Contemporary urban housing struggles are understood by many Aboriginal community members as an ongoing pattern of upheaval and displacement, colonisation and dispossession. The redevelopment is understood by the local Aboriginal community as another step in the systematic dispossession of their land and violence against their people: “They [the government] are subsuming our community, this is ethnic cleansing,” said Cathy. “They’re bringing the ethnic cleansing down here [to Waterloo]”. There exists a concern that the large influx of new residents will provide a means to transform the local Aboriginal community into a tiny minority with little voice or influence: “At this rate, students will outnumber community members,” said Cathy. “When I moved to Redfern in the 1970s there were 40,000 [Aboriginal] community members here, now there are 200 of us left.”

Residents of public housing estates are often engaged in a “shared project of living” — a common experience of “getting by” — that would be disrupted if the residents were relocated to dispersed housing units across the city.
Residents of Waterloo have expressed concern that the new households — who will be owner-occupiers or private rental tenants — will not become part of the Waterloo community. Concerns abound regarding whether maintenance of their community will be possible once residents are living in a “new mixed community”.

Cathy notes that people have grown accustomed to living in the Waterloo community, and that the community is very tolerant of its members: “This is a unique place, there’s nowhere else like this. We live together quite harmoniously compared to other places.” Incumbent residents are concerned that new members of the community might look down on social housing residents or might be intolerant of their behaviour, making it difficult for residents to continue their cultural and social practices.

Residents see the neighbourhood change as a sign that they, being poor and disadvantaged, are the subject of a policy that aims to minimise their presence in the neighbourhood through dilution — such that in addition to claims of “ethnic cleansing”, they feel the redevelopment is an attempt to reduce them to a minority or remove them from the area altogether. In the minds of residents such as Hannah, this is experienced as an assault on their community identity: “[This redevelopment is] slum clearance — we’re to be cleansed by living next to yuppies.”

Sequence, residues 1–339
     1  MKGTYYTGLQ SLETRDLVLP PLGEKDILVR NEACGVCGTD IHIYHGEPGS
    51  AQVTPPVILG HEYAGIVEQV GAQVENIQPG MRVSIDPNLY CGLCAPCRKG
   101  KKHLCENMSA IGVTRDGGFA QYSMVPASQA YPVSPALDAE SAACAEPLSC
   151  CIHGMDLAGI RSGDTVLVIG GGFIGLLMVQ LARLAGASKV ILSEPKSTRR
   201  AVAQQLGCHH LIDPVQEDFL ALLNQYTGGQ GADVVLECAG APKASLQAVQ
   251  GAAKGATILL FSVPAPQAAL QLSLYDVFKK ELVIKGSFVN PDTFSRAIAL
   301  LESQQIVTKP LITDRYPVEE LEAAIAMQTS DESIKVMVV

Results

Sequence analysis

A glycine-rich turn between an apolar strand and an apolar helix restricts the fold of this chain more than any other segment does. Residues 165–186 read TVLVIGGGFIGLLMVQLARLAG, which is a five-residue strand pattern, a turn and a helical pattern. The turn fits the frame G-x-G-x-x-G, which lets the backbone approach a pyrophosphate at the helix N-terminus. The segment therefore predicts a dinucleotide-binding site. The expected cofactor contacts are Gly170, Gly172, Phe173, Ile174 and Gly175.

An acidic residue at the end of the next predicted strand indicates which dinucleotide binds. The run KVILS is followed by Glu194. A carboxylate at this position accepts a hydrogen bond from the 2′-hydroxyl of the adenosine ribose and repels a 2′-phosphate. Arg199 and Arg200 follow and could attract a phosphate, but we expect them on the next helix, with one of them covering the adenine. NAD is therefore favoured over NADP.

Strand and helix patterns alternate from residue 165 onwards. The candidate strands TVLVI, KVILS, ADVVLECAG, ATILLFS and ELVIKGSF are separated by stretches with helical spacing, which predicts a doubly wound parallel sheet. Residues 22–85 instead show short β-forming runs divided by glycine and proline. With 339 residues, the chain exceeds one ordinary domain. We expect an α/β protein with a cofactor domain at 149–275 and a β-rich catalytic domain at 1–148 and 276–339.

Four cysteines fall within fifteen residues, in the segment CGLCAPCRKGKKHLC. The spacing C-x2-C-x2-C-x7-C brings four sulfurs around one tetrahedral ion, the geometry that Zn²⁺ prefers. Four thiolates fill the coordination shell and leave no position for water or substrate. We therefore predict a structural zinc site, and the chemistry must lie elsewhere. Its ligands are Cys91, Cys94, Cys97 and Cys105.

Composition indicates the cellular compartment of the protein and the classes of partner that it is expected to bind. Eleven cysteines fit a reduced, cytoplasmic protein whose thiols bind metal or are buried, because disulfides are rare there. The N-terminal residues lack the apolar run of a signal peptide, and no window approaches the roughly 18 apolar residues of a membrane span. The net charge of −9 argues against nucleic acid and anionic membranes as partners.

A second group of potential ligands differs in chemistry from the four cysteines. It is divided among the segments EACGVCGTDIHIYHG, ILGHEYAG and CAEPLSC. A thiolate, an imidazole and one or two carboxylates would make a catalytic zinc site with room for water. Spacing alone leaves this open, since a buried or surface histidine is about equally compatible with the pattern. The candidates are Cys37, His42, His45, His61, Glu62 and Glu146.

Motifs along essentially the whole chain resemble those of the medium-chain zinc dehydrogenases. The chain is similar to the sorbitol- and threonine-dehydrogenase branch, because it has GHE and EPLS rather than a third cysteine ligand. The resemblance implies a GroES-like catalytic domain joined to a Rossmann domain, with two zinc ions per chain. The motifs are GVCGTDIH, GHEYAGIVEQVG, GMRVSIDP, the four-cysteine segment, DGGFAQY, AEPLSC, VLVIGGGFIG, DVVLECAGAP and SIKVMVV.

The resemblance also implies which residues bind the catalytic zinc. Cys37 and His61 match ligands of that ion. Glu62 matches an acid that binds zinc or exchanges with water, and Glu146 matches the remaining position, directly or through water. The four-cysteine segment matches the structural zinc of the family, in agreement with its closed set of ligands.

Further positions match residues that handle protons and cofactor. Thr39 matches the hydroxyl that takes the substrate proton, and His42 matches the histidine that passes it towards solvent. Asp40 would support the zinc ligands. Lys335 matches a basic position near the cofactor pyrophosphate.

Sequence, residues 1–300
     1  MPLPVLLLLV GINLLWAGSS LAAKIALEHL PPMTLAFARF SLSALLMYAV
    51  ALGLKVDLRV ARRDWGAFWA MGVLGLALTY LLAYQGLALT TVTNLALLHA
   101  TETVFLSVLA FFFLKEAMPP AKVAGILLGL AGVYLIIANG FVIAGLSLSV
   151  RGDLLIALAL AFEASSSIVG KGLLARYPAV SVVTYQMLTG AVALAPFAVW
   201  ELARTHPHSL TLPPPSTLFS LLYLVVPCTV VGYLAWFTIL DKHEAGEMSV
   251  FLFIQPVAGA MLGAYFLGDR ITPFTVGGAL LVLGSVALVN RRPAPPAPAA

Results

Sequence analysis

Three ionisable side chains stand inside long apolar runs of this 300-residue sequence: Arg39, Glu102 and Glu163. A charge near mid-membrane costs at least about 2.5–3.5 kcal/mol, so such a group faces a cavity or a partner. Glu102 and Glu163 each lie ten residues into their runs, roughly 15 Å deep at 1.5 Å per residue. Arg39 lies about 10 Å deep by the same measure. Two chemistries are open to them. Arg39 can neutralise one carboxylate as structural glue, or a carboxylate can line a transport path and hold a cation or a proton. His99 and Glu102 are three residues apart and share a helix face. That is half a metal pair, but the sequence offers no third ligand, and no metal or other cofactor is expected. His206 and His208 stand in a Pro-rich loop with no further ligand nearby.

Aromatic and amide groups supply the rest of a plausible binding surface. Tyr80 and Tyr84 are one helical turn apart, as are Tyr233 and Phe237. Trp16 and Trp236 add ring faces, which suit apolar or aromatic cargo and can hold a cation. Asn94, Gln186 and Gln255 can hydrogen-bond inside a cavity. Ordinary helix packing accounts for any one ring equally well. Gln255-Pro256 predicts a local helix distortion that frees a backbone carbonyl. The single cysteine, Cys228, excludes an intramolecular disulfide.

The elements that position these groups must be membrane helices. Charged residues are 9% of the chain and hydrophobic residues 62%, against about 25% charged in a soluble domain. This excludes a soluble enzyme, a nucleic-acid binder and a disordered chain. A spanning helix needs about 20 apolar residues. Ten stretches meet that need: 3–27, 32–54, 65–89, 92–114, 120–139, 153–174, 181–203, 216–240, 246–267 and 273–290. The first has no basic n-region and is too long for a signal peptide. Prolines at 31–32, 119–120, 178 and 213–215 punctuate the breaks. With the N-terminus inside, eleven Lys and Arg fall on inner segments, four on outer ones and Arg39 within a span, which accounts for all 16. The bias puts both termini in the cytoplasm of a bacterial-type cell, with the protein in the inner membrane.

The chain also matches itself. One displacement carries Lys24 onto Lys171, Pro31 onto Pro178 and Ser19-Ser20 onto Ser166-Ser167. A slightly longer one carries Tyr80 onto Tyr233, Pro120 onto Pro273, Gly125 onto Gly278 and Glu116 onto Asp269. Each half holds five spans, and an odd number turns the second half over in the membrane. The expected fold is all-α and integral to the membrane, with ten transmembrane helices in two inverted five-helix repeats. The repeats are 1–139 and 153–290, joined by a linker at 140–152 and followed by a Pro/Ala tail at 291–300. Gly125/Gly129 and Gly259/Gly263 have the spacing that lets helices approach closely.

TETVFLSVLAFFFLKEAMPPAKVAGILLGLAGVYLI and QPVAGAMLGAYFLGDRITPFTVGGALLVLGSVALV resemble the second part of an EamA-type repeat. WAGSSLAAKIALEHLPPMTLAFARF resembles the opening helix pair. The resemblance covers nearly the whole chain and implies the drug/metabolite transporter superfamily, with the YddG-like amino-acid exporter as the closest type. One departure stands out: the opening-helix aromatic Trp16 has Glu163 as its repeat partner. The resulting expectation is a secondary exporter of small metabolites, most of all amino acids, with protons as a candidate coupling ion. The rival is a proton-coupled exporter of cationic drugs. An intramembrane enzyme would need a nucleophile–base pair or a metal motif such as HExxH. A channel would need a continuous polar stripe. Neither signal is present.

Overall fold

Residents are also concerned about the economic transformation of the area, including a shift in the types of local businesses in the area. Changes in businesses will likely have implications for the affordability of the area as well as the distance residents will have to travel to access key services — in particular free or affordable medical care, mental healthcare, and pharmaceuticals. In Waterloo, as Corinne notes, “Services are targeted to areas on the basis of high need, but Waterloo won’t be ‘high needs’ any more after the redevelopment, so the funding will go elsewhere, and we won’t have the services we need.”

The experience of residents in Waterloo should serve as a reminder to urban scholars examining urbanisation and renewal processes to incorporate a nuanced understanding of time, space, and place as we consider eviction and displacement in the global city. An absence of physical relocation from a neighbourhood does not equate to an absence of displacement. We need to think about how the people of our cities — and especially the most vulnerable in our cities — will or will not adapt to this change. Indeed, some of the most vulnerable in our cities may not have the skills, knowledge, capacities, or resources to adapt. Should we simply leave them to the highly classed and racialised, neoliberal forces of the city? Or do we need to create a new structural context within which every member of our communities can deal with the transformation of our cities?

Laura Wynne is a senior research consultant at the Institute for Sustainable Futures, University of Technology Sydney; Dallas Rogers is a senior lecturer at the University of Sydney. This is an edited extract from a paper entitled Emplaced Displacement and Public Housing Redevelopment: From Physical Displacement to Social, Cultural, and Economic Replacement